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The new company organization also includes a new internal digital platform called Connect, designed for more efficient knowledge-sharing, professional development, and customized community-networking, all in an effort to bring the right teams together to best serve clients. If that sounds familiar, then you’ve likely read about Publicis’s new AI platform Marcel, which has many of the same goals.

Another new development announced today is the launch of Ogilvy Consulting. Essentially a direct response to the encroachment of global consultancies like Accenture and Deloitte in the ad business, the new practice is actually just a newer version of its existing consulting business OgilvyRED, launched in 2012, but better aligned with the new company structure. Ogilvy Consulting will focus on digital transformation consulting, growth, business design, and innovation. “We’re not becoming a consulting business that will have thousands of consultants racing around the world to major business infrastructure transformations,” says Seifert. “It’s more about questions that have brand and business issues at the heart of the problem.”

As much as this new organization is about addressing client needs, Seifert says it’s just as much about the company’s own talent. Redefining business units and job descriptions may make some of the company’s 16,000 employees uncomfortable, but it’s not nearly as bad as losing top talent as a result of being stagnant. “The bigger worry is the number of people who have decided to leave Ogilvy to pursue their career somewhere else because they felt we weren’t moving fast enough,” says Seifert. “That is a much bigger threat because it’s those people who tend to have the modern skills we’re desperately in need of, and they have many more options to choose from. And they’re not just going to other agencies, they’re going to places like Apple, Google, a consulting firm, starting their own businesses. Agencies seem to be the least of our worries. Much bigger is losing a generation of talent to others because they’re prepared to offer a more dynamic, more rewarding environment.”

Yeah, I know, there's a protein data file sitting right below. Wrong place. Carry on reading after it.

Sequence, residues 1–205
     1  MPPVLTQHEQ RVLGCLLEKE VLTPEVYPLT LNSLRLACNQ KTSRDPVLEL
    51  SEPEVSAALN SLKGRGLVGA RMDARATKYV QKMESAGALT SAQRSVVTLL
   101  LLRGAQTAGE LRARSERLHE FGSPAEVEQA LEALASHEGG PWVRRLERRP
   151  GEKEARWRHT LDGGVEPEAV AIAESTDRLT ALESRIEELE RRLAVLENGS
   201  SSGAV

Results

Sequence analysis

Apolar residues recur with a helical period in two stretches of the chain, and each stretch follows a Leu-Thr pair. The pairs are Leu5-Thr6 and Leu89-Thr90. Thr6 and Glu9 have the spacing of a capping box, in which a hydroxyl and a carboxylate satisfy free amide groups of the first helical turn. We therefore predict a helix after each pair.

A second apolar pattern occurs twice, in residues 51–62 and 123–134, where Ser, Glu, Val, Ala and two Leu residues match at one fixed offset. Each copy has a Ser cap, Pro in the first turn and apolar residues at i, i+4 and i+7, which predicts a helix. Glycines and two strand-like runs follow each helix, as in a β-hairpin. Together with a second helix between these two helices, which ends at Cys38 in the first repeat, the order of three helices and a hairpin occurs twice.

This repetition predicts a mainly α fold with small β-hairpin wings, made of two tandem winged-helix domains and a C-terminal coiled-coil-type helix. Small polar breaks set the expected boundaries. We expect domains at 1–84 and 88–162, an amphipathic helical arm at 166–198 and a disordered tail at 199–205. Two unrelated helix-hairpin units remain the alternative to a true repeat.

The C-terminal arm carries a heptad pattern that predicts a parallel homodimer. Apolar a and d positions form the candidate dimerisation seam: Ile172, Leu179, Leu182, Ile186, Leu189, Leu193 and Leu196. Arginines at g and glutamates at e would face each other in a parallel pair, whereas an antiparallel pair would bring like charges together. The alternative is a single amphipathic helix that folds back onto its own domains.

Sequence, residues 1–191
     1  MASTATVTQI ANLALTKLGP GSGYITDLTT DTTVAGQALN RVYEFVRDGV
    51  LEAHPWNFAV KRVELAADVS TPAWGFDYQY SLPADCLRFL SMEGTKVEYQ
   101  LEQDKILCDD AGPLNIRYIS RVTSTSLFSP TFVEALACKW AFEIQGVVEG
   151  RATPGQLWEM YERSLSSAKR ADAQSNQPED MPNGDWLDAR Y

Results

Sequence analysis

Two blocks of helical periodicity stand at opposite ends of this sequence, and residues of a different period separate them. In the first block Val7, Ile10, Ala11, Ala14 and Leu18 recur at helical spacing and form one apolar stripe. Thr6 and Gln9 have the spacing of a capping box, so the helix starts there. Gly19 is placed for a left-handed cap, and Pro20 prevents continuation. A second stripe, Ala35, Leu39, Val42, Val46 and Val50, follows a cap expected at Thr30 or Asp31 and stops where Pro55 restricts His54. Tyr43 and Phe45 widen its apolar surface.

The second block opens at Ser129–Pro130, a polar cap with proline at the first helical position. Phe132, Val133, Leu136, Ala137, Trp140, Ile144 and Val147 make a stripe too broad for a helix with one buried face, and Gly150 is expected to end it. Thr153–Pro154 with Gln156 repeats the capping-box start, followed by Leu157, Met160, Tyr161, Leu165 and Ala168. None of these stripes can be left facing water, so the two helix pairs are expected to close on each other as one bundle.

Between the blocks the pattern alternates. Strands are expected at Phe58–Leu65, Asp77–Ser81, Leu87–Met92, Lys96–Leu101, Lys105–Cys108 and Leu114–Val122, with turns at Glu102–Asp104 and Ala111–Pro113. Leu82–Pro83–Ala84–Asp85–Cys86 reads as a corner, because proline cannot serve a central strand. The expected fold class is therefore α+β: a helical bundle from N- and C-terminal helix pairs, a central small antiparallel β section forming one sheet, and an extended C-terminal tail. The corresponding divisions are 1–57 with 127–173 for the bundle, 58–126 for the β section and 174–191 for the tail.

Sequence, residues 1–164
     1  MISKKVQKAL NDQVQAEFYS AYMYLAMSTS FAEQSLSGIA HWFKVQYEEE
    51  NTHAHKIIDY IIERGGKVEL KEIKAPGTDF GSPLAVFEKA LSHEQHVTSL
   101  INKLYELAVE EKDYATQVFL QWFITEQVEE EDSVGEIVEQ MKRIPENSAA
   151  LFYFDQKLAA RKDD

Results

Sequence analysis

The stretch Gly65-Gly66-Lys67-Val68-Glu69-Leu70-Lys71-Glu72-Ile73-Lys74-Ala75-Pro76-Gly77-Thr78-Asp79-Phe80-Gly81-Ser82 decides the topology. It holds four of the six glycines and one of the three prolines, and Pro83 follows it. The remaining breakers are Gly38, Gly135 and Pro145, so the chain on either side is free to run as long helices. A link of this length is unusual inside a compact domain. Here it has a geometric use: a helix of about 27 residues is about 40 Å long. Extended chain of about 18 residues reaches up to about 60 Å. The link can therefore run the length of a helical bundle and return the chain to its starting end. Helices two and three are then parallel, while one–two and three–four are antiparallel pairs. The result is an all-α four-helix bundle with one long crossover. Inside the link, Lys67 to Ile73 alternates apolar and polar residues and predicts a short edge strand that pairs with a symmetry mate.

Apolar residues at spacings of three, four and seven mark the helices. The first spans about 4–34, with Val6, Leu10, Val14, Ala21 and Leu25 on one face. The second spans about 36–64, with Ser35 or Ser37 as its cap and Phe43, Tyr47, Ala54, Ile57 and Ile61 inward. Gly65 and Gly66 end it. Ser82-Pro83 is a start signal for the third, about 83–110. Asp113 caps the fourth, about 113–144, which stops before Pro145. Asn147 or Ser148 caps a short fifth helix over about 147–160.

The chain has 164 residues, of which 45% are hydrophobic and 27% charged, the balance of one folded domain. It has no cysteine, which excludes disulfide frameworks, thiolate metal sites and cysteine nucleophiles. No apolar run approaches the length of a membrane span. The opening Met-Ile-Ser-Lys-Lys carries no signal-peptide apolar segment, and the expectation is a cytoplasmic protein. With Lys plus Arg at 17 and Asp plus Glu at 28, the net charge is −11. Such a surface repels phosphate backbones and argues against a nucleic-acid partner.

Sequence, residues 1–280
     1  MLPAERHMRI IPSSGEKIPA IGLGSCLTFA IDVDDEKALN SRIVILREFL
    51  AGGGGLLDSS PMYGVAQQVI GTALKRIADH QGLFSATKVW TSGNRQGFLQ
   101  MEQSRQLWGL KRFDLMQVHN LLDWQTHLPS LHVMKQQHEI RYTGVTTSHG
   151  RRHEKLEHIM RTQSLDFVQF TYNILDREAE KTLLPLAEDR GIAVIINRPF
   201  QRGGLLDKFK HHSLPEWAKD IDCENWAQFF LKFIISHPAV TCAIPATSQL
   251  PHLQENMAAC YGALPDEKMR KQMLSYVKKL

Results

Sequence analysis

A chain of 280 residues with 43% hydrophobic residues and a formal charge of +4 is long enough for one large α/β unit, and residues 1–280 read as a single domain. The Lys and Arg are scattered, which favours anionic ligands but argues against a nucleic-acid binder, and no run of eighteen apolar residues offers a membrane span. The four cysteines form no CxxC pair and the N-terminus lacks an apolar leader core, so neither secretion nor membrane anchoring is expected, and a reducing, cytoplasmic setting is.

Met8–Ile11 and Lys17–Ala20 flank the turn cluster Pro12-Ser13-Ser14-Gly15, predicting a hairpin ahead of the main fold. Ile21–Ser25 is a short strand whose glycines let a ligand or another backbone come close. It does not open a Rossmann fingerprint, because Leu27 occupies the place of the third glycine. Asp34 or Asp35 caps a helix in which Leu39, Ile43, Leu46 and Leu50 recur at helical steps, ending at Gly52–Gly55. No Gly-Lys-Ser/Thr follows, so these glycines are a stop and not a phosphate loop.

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About the author

Jeff Beer is a staff editor at Fast Company, covering advertising, marketing, and brand creativity. He lives in Toronto.